This post is part of my collaborative research with Shinsei Bank on highly-evolvable enterprise architectures. It is licensed under the Creative Commons Attribution-ShareAlike 3.0 license. I am indebted to Jay Dvivedi and his team at Shinsei Bank for sharing with me the ideas developed here. All errors are my own.
Reporting and analysis are important functions for enterprise software systems. Information assembly lines handle these functions very differently from data warehousing, and I think the contrast may help clarify the differences between Jay’s approach and traditional design philosophies. In brief, data warehousing attempts to build a massive library where all possibly useful information about a company is readily available–the ideal environment for a business analyst. By contrast, information assembly lines manufacture reports and analyses “just-in-time” to meet specific business needs. One might say that data warehousing integrates first and asks questions later, while information assembly lines do just the opposite.
The Wikipedia article on data warehouses indicates the emphasis on comprehensive data integration. Data warehouses seek a “common data model for all data of interest regardless of the data’s source”. “Prior to loading data into the data warehouse, inconsistencies are identified and resolved”. Indeed, “much of the work in implementing a data warehouse is devoted to making similar meaning data consistent when they are stored in the data warehouse”.
There are at least two big problems with the data warehousing approach.
First, since data warehousing integrates first and asks questions later, much of the painstakingly integrated data may not be used. Or they may be used, but not in ways that generate sufficient value to justify the cost of providing the data. The “build a massive library” approach actually rules out granular investment decisions based on the return from generating specific reports and analyses. To make matters worse, since inconsistencies may exist between any pair of data sources, the work required to identify and resolve inconsistencies will likely increase with the square of the number of data sources. That sets off some alarm bells in a computer scientist’s brain: in a large enterprise, data warehousing projects may never terminate (successfully, that is).
Second, data warehousing ignores the relationship between the way data are represented and the way they are used. I was introduced to this problem in my course on knowledge-based systems at MIT, where Professor Randall Davis emphasized the importance of choosing knowledge representations appropriate to the task at hand. Predicate logic may be a great representation for reasoning about mathematical conjectures, but it may prove horribly cumbersome or even practically unusable for tasks such as finding shortest paths or detecting boundaries in images. According to Davis and his colleagues, awareness of the work to be done (or, as Jay would say, the context) can help address the problem: “While the representation we select will have inevitable consequences for how we see and reason about the world, we can at least select it consciously and carefully, trying to find a pair of glasses appropriate for the task at hand.”1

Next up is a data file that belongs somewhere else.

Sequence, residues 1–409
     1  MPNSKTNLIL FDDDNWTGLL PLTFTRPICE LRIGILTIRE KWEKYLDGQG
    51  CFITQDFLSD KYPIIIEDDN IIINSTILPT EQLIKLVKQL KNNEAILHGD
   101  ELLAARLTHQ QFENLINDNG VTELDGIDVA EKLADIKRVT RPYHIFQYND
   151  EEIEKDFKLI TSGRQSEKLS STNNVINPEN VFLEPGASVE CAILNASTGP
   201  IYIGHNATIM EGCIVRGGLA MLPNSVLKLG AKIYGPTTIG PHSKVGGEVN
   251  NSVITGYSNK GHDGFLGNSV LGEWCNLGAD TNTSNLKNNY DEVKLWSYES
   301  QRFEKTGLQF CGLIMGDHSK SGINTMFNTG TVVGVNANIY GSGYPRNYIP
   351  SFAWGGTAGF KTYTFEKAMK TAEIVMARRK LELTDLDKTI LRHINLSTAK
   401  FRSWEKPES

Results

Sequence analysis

The problem, then, is that data warehousing does not recognize the importance of tuning data representations to the task at hand, and thus attempts to squeeze everything into a single “common data model”. Representations appropriate for analyzing user behavior on web sites may be poorly suited to searching for evidence of fraud or evaluating possible approaches to customer segmentation. Consequently, data warehousing initiatives risk expending considerable resources to create a virtual jack-of-all-trades that truly satisfies no one.
The information assembly lines approach focuses on manufacturing products–reports or analyses–to satisfy the needs of specific customers. In response to a need, lines are constructed to pull the data from where they live, machine the data as necessary, and assemble the components. Lines are engineered, configured, and provisioned to manufacture specific products or product families, so every task can be designed in with an awareness how it serves the product’s intended purpose.
If the data required for business decision-making change very slowly over time and the conceivable uses for the data are relatively stable and homogenous, then perhaps developing a unified data model and building a data warehouse may make sense. Needless to say, however, these are not the conditions faced by most enterprises: the data environment evolves rapidly, and different parts of the business require varied and ever-changing reporting and analysis capabilities.
It’s actually kind of hard to see why anyone (other than system vendors) would choose the data warehousing approach. Information assembly lines are modular, so they can be constructed one at a time, with each line solving a specific problem. Performance criteria are well-defined: do the products rolling off the line match the design? Since information assembly lines decompose work into many simple, routine tasks, tools developed for use on one line (a machine that translates data from one format to another, for example) will likely be reusable on other lines. Thus the time and cost to get a line up and running will decrease over time.
1 Davis, Shrobe & Szolovits, “What is a Knowledge Representation?“. This paper provides an insightful introduction to the problem.